DEVELOPMENT OF A DIGITAL DIFFERENTIALLY COHERENT MINIMUM SHIFT KEYING DEMODULATOR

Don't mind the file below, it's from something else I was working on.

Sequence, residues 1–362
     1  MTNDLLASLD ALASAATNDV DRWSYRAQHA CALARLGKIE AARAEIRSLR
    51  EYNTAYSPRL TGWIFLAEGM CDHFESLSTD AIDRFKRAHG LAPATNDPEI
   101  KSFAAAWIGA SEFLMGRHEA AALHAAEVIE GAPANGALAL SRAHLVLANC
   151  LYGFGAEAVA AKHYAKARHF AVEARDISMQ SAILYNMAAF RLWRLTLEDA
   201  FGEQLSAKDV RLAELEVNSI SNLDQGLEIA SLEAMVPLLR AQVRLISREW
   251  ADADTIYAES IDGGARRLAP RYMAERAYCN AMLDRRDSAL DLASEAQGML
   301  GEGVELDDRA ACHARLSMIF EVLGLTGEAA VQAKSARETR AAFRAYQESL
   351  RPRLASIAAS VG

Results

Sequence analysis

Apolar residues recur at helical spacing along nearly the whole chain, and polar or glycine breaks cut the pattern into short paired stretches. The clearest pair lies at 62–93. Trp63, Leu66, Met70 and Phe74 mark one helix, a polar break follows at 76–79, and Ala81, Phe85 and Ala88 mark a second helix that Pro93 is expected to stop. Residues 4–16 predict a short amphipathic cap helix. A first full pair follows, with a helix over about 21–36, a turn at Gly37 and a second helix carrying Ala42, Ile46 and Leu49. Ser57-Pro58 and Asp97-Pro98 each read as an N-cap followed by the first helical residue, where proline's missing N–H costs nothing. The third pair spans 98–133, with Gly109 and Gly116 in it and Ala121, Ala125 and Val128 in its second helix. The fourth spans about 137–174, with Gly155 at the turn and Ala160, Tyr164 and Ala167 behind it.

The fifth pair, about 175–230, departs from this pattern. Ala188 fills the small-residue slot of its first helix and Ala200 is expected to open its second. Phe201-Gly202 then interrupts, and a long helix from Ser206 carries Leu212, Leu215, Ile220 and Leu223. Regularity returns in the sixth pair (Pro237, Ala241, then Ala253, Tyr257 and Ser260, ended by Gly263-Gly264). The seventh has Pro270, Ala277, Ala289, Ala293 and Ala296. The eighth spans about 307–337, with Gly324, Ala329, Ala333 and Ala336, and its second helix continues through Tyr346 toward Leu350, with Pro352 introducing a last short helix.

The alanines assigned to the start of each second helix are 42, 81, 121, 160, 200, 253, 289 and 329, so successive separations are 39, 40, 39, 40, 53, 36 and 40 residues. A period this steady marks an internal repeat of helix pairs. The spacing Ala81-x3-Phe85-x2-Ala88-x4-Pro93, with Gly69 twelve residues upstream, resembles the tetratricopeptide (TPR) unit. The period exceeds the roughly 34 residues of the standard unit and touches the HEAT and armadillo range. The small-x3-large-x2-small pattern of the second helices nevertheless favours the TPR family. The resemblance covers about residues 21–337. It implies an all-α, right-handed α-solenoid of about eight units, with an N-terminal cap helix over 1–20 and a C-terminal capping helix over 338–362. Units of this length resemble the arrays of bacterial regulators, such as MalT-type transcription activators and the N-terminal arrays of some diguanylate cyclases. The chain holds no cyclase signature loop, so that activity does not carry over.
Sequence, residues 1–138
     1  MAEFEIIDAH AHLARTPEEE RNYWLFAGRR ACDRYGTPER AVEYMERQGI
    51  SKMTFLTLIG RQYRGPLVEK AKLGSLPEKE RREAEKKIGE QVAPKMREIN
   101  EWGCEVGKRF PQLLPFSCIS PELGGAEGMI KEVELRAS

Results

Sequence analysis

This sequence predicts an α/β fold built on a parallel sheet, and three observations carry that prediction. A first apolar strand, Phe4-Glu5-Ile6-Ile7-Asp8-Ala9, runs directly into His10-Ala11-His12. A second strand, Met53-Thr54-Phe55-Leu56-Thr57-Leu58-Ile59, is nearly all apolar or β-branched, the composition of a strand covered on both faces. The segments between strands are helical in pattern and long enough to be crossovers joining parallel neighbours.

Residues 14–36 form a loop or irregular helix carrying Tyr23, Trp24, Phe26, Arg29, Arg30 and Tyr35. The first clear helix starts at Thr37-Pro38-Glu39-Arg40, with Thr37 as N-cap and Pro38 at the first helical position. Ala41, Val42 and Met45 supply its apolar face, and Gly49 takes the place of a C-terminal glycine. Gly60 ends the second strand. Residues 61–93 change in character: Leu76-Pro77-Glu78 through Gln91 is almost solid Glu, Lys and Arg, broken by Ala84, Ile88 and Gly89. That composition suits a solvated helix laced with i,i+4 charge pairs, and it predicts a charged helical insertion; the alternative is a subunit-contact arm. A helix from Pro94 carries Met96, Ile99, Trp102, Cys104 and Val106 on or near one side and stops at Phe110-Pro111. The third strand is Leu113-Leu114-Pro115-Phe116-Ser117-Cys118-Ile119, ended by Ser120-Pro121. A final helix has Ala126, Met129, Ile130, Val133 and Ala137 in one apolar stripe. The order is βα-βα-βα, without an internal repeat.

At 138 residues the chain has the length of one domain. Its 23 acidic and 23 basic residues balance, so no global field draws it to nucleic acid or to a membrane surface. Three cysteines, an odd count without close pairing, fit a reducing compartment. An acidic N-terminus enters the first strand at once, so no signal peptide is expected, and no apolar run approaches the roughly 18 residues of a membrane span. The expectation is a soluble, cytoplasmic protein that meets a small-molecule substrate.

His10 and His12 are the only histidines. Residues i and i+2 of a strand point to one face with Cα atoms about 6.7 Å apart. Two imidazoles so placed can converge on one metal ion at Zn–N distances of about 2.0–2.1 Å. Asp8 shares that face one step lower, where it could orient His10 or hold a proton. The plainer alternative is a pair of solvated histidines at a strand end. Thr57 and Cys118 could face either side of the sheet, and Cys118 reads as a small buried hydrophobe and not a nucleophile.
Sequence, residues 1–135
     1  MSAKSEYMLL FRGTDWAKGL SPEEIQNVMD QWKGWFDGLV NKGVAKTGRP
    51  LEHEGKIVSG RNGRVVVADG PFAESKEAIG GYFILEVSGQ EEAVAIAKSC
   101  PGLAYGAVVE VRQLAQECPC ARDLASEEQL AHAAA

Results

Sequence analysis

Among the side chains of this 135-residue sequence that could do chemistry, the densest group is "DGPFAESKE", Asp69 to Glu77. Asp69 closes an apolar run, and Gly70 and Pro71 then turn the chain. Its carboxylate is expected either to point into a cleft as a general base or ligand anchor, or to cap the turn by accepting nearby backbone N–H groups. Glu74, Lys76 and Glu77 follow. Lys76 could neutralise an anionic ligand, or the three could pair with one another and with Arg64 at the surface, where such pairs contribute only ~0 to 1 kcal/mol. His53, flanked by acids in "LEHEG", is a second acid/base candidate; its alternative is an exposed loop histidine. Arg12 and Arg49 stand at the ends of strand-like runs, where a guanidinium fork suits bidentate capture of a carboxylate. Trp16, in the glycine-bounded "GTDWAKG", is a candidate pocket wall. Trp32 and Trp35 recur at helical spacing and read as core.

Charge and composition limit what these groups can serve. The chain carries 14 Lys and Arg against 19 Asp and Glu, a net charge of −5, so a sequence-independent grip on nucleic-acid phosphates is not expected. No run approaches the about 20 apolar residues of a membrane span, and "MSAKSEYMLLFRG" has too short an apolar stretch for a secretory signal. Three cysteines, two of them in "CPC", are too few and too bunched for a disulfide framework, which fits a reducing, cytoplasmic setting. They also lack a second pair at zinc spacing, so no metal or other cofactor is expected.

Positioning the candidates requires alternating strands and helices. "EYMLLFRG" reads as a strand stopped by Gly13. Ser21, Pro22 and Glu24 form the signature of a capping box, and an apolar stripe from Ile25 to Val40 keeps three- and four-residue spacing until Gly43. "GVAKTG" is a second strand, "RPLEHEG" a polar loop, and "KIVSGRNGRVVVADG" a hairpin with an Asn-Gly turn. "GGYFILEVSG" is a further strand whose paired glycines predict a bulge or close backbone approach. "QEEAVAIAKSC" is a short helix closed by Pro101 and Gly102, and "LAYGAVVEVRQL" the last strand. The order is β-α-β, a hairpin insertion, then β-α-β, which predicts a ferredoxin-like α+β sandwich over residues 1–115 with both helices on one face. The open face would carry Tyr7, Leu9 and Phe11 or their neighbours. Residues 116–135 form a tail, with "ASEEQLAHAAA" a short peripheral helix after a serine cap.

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Minimum Shift Keying (MSK) is a bandwidth and power efficient modulation scheme. These characteristics, combined with a sharp spectral roll-off and constant-amplitude envelope make MSK an attractive scheme for use in satellite links. MSK is one of a class of modulations that can be differentially detected. When compared to coherent demodulators, differentially coherent demodulators, while having slightly poorer performance, have reduced signal acquisition times and decreased circuit complexity, both attributable to the lack of carrier recovery systems. The differential demodulator, consisting primarily of a multiplier and a one-bit-period delay, lends itself to simple and low cost implementation. This thesis outlines the development of two versions of such a demodulator. The first is a standard linear demodulator utilizing a charge coupled device delay element and a four quadrant multiplier. The second demodulator includes a hard-limiter acting on the input signal and uses a shift register as the delay element and an exclusive-or gate for the multiplier. The performance of the two units is compared, and it is concluded that differential MSK demodulators can be realized using hard-limiting circuitry with little or no performance penalty as compared to linear differential demodulators.